My favorite room at Asheville, North Carolina’s Biltmore House is the library. My library wouldn’t look this good because I buy mostly paperbacks. They don’t wear as well or look as nice on shelves that climb all the way to the ceiling. As it turns out, some of my paperbacks are so old that the pages fall out when I read them. Suffice it to say “Perfect Binding” (the style used for most paperbacks) isn’t perfect. The glue deteriorates over time.

I’ve probably re-read this series of novels more often than any other. Fortunately, my copy isn’t as beaten up as this old edition on Amazon.

I doubt that any of my old books are worth a lot of money, so you won’t see my name attached to a newsworthy sale of a book at a famous auction house. In addition to the favorites I’ve owned for years, the most dear are those that were once owned by my parents or grandparents. They speak to other times and other places, but re-reading them occasionally is almost like a psychic experience because my imagination tells me what my relatives thought and felt when they once read the words I’m seeing years later.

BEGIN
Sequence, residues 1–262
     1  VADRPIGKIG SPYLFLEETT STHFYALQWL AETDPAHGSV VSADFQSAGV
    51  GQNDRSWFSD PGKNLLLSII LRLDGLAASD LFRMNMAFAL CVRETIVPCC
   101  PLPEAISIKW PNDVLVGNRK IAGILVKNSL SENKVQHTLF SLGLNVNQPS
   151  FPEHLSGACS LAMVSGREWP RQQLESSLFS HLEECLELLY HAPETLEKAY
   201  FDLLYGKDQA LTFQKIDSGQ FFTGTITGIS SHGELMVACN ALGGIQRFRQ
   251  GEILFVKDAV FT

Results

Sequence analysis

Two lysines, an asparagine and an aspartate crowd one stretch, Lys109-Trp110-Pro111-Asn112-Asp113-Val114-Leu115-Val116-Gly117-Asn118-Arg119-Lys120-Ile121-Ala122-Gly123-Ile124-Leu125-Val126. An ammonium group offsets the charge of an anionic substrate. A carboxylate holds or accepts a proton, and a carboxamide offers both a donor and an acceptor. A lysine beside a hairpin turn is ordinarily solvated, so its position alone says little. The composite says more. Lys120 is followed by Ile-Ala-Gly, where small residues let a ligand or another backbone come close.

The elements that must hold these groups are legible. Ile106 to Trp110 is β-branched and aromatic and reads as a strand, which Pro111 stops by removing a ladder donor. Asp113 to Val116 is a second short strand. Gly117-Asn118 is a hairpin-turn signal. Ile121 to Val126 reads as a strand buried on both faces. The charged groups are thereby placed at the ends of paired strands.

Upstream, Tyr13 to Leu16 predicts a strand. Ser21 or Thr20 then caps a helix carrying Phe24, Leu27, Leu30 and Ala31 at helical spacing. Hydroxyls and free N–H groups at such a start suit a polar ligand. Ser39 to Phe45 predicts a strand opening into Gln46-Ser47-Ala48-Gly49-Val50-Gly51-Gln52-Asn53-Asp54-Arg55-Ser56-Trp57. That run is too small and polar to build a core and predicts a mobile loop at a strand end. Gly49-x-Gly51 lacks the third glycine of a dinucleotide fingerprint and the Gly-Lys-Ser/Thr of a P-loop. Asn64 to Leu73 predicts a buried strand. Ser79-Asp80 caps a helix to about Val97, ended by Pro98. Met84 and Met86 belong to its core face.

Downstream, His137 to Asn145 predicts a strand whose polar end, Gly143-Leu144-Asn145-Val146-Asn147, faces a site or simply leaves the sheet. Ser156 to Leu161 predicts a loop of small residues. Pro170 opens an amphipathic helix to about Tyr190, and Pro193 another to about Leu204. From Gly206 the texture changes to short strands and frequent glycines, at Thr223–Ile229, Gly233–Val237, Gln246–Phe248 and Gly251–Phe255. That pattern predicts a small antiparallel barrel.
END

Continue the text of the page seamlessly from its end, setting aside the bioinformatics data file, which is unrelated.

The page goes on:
Every time I re-read a book, I discover something new about the story or about me. Sometimes I remember where I was when I first read it. Sometimes I’m disappointed because I no longer like the story and I see that I’ve changed from the person I was when I thought it was the best thing I read “that year.” However, the books I turn to again and again are always a special pleasure because through luck or magic or the author’s skill, they have kept their excitement, sense and relevance.

Perhaps some of you have found some of the same things to be true whenever you took an old book off a shelf and enjoyed it again.